According to a recent report by market research firm Canalys, 24 of the top 25 grossing app companies that develop games account for roughly $60 million, or 50 percent of total app revenue in the US.
The study accounts for the companies only not apps themselves. For example, Rovio, renowned for its Angry Birds app and its focus on that success, has a few game variants on the list of earners that contribute to its appearance amongst other high earners. Other companies, such as Zynga, have 15 titles amongst the top earners.
For developers not among the top few dozen, it's clear from the research that marketing is a challenge. The enormous app inventories that Apple and Google boast are, in fact, a problem for developers, not a selling point the way they are for consumers. No matter how good an app is, quality doesn't always get it the attention it deserves, according to Canalysys's findings.
The study also recommends that developers evaluate methods to market and advertise apps, keeping in mind ways to "... exploit social media and social recommendations," as well as other promotions, cross-promotions, and discounts.
The press release is an obvious attention grabber. There's considerably more to the mobile market's landscape than a fast scan of the Canalys release might imply.
To begin with, the study includes both paid-for downloads and in-app purchases, but doesn't separate the two, or rank the companies with that angle in mind. That's an important data point to consider. The freemium business model is gaining traction amongst investors and proving viable. For example, in-app purchases are projected to account for enormous revenues more than 64 percent of total smartphone app sales revenue by 2015, according to IHS iSuppli.
So what's the split of in-game purchases versus paid downloads? Canalys doesn't tell us the answer, so we're left guessing. But how about the apps that aren't games? I think the growth potential for those apps is limited, and that's why they didn't make it into the study.
I can see in-store sales for certain categories of non-game apps, but not as many. For example, a company that offers travel guides could sell offline features such as maps, reviews, and translator on a region-to-region basis inside an app. There are many such examples, but the sales opportunities are limited, because users of such options are unlikely to buy at more than one region/language. The developer, in the meantime, will probably choose to support only the most popular versions.
Games offer developers the possibility of manufacturing in-app purchases without limits. For instance, there are expansion packs, special attributes for an in-game character, even just cosmetic upgrades. The study doesn't take this into account, or really address the issue. So Canalys's study just looks at the surface, it doesn't dive deeply.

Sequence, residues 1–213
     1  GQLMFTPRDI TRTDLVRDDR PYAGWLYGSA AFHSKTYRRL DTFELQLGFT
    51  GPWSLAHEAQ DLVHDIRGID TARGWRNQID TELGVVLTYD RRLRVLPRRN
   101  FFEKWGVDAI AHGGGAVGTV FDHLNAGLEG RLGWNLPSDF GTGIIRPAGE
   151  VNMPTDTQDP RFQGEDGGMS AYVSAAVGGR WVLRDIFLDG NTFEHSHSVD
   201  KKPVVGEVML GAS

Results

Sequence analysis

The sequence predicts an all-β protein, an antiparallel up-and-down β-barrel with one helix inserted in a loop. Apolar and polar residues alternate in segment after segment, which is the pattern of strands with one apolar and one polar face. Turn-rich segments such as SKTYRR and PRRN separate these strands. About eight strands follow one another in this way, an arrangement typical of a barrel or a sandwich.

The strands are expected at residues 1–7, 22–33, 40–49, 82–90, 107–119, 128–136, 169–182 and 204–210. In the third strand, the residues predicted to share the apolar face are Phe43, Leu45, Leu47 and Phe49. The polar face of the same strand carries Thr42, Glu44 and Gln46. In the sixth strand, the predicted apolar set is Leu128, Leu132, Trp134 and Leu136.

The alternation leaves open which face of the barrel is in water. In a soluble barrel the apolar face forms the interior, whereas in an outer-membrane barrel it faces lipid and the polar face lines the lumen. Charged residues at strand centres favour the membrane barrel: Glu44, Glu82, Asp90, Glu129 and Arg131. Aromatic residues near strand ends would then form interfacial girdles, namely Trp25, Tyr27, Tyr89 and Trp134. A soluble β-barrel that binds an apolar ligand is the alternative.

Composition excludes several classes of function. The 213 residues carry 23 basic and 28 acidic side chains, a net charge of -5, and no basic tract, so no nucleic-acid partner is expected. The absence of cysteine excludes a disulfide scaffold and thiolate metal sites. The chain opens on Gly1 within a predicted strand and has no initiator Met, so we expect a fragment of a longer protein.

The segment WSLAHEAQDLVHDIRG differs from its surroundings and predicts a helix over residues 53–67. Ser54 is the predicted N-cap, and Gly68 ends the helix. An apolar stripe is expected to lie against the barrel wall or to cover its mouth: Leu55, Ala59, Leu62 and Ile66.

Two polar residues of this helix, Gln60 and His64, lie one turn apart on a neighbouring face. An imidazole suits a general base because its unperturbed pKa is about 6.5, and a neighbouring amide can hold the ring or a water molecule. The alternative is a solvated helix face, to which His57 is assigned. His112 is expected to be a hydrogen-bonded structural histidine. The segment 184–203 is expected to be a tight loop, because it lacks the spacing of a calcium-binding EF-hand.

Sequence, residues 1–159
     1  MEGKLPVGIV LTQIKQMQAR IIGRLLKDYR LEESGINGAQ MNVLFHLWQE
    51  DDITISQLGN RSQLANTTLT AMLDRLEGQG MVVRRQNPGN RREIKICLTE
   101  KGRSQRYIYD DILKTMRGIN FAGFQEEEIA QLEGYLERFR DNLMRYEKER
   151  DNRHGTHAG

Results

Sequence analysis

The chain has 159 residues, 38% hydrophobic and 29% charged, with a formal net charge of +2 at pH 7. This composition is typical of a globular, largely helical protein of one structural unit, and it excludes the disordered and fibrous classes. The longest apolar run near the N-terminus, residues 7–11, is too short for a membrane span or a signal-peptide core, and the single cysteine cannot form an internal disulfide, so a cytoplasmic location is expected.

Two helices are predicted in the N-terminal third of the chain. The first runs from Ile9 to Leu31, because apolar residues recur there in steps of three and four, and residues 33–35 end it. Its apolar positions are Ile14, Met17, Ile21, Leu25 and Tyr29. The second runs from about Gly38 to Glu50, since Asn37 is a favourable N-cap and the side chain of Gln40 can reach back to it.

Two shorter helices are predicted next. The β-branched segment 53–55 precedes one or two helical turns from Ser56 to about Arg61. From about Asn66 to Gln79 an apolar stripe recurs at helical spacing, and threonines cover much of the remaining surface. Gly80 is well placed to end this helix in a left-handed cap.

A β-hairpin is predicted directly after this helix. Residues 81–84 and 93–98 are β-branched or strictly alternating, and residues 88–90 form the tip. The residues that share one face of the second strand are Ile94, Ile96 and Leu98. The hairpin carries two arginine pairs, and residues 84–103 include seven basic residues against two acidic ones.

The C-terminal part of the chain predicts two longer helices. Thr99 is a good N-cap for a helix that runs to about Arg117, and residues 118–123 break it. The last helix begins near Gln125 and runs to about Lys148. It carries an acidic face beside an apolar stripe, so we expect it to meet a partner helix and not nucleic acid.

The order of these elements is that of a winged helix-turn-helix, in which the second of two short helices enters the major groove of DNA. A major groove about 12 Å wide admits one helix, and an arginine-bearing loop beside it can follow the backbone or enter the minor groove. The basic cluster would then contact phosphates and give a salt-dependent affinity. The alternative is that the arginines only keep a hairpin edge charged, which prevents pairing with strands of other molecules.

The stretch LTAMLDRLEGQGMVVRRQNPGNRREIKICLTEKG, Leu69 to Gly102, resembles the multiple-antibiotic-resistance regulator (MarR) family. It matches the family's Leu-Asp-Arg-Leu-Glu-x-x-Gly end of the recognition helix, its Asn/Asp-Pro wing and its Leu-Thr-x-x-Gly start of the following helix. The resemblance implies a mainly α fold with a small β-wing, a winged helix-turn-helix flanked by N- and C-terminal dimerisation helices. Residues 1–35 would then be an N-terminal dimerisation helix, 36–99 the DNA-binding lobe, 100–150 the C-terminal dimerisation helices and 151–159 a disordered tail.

Then there is the question of Pandora. The one company on the list that doesn't make games. It’s obviously bringing cash in the door but the company lost money overall in Q2 2012 about five million dollars. Its revenue also fluctuates considerably. That leads to the second obvious question: How profitable are the companies on Canalys' list?
I don't know. Some companies on the list are public, like Pandora. But even then it's difficult to determine mobile app profitability for other public companies like Walt Disney, which has many, many divisions and revenue streams. To get an accurate picture how well companies do by mobile apps, it would be necessary to do the study all over again but next time ask the somewhat-obvious question: "What's your profit margin?"
In terms of Pandora, I personally don't use it. The iTunes store helpfully lists Pandora One as the most popular in-app purchase. Pandora One is the company's premium service that includes ad-free listening and better audio quality. But my research suggests that their revenue is split between on air ad sales, online, and subscriptions. I'm left wondering if Pandora gets a cut every time someone buys some of the music the company broadcasts.
In the end the study falls short. It's biased toward games and doesn't give a lot of the other hard-working app developers anything to go on just that they should start making games. It also leaves lingering questions such as how successful the in-app sales are. And then there's the much more important question: how profitable is making games? After all it's Rovio.com not Rovio.org.